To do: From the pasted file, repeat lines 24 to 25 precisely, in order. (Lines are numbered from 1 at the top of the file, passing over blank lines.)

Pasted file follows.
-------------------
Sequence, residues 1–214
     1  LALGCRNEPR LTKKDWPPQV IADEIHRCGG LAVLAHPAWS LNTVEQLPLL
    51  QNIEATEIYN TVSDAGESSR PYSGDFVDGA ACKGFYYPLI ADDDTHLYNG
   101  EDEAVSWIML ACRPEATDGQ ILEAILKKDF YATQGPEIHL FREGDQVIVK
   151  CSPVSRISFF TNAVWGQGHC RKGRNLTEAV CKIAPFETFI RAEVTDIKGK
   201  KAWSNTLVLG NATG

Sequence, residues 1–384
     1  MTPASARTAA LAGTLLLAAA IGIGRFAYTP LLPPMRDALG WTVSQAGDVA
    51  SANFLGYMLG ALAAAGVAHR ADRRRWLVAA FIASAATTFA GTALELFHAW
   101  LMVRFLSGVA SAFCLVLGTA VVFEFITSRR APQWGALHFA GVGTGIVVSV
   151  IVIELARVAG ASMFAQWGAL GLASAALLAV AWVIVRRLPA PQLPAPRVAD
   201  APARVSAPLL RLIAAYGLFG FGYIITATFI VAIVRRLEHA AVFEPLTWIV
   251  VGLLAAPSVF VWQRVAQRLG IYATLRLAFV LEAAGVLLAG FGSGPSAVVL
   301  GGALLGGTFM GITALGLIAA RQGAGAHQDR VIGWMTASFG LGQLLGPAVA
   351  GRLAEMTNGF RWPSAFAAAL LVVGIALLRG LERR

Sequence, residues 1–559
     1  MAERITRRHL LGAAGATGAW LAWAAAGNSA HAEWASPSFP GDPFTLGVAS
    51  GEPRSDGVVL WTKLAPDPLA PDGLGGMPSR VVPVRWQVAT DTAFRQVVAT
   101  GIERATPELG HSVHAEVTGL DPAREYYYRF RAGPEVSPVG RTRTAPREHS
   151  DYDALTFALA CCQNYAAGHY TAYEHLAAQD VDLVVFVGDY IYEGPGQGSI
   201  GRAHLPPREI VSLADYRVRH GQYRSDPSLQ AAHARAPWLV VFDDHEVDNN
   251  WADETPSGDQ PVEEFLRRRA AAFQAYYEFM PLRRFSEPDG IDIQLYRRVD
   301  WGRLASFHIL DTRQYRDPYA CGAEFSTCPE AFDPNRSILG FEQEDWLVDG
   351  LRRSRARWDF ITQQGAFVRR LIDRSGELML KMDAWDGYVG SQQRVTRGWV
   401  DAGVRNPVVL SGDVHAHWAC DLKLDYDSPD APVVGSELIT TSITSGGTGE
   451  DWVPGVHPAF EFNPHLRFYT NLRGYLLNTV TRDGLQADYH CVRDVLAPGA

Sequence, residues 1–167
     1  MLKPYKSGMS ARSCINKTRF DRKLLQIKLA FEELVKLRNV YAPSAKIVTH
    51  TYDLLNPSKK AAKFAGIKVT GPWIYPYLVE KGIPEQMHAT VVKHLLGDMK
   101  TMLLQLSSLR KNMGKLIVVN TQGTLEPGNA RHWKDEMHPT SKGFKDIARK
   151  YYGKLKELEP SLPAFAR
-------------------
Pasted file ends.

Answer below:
   351  LRRSRARWDF ITQQGAFVRR LIDRSGELML KMDAWDGYVG SQQRVTRGWV
   401  DAGVRNPVVL SGDVHAHWAC DLKLDYDSPD APVVGSELIT TSITSGGTGE